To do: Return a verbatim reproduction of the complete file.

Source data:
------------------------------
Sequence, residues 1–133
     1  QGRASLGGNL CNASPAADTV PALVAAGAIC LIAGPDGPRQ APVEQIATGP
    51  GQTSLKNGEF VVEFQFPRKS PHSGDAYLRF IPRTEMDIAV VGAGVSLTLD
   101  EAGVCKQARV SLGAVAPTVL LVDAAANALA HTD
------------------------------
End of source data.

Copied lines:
Sequence, residues 1–133
     1  QGRASLGGNL CNASPAADTV PALVAAGAIC LIAGPDGPRQ APVEQIATGP
    51  GQTSLKNGEF VVEFQFPRKS PHSGDAYLRF IPRTEMDIAV VGAGVSLTLD
   101  EAGVCKQARV SLGAVAPTVL LVDAAANALA HTD